London right now’s a pretty good place for political theatre; and over the past few months I got to see three of the plays that fit that bill.
A Walk On Part
Now on at the Arts Theatre from 19 June - 14 July
The tale of Chris Mullin’s, an MP from 1997-2010, experience of the New Labour era, based on his autobiography, is both very much one guy’s perspective on that time, as well as a truly fascinating insight. John Hodgkinson’s portrayal of Mullin acts both as an endearing figure and an effective audience surrogate. The play is fast moving and the dialogue strong; very easy to follow if you have a general awareness of the events that happened during Labour’s time in power, although it would perhaps get a little confusing if someone came to it with next to no knowledge of the events that took place. The portrayals of Blair and Cherie, as well as figures like John Prescott are not exact copies of them, nor are they caricatures, but rather they are effectively invocative of and recognisable as them, and it’s very affective. Howard Ward’s portrayal of Gordon Brown does, perhaps, descend a little into caricature.
It’s a really great watch for anyone wanting to gain an inside view on the New Labour period; one that seems honest and neither dramatically negative or over zealously positive. It’s also a personal story of a man who just really wants to make a difference, and his personal struggle to do this, and to believe he is doing this. The portrayal of his relationship with Blair is interesting, and you get a sense of the charisma and draw of Blair; although this could have perhaps been deeper explored.
The staging was effective and the actors good at juggling multiple characters without letting it get confusing. Probably enjoyable for anyone with a general interest in the politics of the period, but especially for Labourite political geeks (might annoy real Blair-loathers for its balanced view if the man but all those from Blair lovers to “he-wasn’t-great”-ers would probably be able to appreciate the perspective this play provides).
Yes, Prime Minister
Trafalgar Studios, from June 6 2012
I’ve never seen the TV series, so I was going into this with no real expectations. It’s certainly witty; with a lot of humour that felt somewhat specifically aimed at political activist types. Although the humour feels routed in political reality, the play itself does not; it’s very spoof-y in a way that doesn’t, for the most part, feel attached to reality. It’s main “real” political message is its perspective on the civil service; certainly relevant right now with the recent talk of reform. This is well done, and Michael Simkins’ portrayal of Sir Humphrey Appleby, the conniving and all too powerful civil servant is excellent.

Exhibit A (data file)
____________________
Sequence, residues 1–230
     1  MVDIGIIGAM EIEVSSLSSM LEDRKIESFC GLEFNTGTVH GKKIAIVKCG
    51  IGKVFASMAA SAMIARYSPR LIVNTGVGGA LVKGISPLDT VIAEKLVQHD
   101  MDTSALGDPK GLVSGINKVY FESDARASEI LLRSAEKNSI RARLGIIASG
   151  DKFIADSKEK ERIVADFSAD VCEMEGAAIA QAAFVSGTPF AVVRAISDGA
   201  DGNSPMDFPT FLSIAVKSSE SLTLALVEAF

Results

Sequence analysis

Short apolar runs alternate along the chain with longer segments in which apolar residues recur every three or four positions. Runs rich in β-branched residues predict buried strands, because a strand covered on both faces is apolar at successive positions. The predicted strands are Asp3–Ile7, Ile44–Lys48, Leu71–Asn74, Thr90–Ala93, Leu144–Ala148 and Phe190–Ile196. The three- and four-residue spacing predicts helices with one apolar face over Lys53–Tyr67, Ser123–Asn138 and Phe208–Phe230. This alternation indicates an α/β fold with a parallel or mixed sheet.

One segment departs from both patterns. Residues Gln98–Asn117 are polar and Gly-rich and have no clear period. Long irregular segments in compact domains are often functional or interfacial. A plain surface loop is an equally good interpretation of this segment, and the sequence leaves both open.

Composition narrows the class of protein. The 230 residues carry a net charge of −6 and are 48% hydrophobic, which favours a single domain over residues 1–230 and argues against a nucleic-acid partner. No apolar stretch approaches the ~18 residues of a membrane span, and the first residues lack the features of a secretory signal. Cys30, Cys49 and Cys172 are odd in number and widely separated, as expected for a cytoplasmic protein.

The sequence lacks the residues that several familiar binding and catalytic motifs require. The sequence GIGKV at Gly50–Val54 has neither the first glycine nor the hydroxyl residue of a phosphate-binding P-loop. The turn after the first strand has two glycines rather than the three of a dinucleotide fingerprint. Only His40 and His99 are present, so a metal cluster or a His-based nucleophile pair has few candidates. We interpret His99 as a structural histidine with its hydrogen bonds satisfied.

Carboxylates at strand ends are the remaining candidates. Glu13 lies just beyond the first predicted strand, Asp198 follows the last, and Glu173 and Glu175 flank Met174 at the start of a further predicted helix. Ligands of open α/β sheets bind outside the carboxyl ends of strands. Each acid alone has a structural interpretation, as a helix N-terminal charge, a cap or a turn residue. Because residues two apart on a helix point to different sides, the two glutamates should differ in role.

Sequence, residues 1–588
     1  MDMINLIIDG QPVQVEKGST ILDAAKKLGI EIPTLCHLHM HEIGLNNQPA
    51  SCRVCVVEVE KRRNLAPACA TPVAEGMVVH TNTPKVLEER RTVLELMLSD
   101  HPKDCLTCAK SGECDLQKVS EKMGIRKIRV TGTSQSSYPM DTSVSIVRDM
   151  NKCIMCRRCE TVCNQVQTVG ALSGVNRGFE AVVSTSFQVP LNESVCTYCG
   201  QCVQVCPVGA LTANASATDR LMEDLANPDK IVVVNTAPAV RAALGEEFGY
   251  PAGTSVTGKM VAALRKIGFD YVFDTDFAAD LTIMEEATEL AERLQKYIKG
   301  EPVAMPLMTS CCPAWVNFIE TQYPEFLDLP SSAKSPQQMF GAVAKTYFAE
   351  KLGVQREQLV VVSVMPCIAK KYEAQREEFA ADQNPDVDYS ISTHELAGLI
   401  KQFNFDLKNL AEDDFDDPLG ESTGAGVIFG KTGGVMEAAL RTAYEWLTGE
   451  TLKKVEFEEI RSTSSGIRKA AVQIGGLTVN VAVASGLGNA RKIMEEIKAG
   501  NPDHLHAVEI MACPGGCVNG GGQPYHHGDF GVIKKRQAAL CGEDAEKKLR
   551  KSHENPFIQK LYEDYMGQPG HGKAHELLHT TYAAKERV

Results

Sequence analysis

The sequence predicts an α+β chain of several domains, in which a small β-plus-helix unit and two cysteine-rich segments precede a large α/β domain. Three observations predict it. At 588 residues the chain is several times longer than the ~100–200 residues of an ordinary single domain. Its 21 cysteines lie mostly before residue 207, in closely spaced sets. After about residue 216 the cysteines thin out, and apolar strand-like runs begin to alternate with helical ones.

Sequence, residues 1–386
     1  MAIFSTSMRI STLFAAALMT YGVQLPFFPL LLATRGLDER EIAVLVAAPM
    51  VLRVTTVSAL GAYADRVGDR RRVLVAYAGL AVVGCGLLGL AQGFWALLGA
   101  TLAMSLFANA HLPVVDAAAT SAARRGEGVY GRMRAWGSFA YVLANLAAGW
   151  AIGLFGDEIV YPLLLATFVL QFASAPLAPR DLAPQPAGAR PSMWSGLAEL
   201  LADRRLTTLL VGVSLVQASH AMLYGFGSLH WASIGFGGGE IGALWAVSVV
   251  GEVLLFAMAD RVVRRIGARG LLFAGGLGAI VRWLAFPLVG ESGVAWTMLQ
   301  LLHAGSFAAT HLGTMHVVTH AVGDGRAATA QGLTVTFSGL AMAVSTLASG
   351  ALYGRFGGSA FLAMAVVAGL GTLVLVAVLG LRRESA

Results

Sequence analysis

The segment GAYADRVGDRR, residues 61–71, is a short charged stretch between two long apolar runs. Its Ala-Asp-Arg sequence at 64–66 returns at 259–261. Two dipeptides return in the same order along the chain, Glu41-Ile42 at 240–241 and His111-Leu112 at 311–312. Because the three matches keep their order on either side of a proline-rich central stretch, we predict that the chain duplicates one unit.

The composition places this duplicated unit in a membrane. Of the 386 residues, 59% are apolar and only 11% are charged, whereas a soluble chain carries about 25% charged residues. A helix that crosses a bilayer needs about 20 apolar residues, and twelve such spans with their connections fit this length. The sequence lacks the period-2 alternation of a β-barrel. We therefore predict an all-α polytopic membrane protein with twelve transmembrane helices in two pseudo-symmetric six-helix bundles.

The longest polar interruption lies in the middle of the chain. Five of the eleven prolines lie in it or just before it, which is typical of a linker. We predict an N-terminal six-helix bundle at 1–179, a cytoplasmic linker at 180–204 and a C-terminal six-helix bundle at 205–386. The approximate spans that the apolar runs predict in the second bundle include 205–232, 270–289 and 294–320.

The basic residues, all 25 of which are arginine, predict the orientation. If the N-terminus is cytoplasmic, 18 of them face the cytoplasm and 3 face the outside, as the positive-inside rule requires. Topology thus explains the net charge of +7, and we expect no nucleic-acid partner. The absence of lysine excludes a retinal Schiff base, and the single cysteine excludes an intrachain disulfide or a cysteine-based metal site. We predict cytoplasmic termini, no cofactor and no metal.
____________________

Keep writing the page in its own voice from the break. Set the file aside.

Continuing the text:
Mostly, though, this play is just light entertainment for political geeks; and if that’s what you’re looking for then it’s pretty much the perfect evening.
And Michael Heseltine was in the audience the night I went….although I don’t think he’s a permanent feature!
Old Vic Theatre
20 June 2012 - 26 July 2012
The divided period of Germany’s history that forms the context of this play is one that’s permeated public consciousness; it’s hard to imagine anyone walking in without a generalised understanding of the time when Communist east Germany was cut off from Capitalist west Germany. However, I personally had less of an awareness of the specifics of the historical basis for the play; with the story of West German chancellor Willy Brandy relationship with Communist spy Gunter Guillaume, who worked as his secretary and hears some of the state's most important secrets.
The play does not require any great deal of background knowledge, however; it guides you through the narrative clearly with incredibly good acting and very strong dialogue. It’s a fascinating and gripping insight into the events and the personalities who shaped them.
There’s something incredibly…political about the play; compared to A Walk On Part where one would think it’s immediacy would make it more political than historical, it’s almost the opposite; it acts mostly as a narrative account of the events that took place, whereas Democracy, although clearly historical, has such strong political dialogue it feels routed in ideology and politics; in a way I found incredibly compelling but might block out some who feel less attachment to the political process.
The ending was somewhat abrupt, but the play certainly left me both more knowledgeable about the period and eager to research more; defiantly one to check out.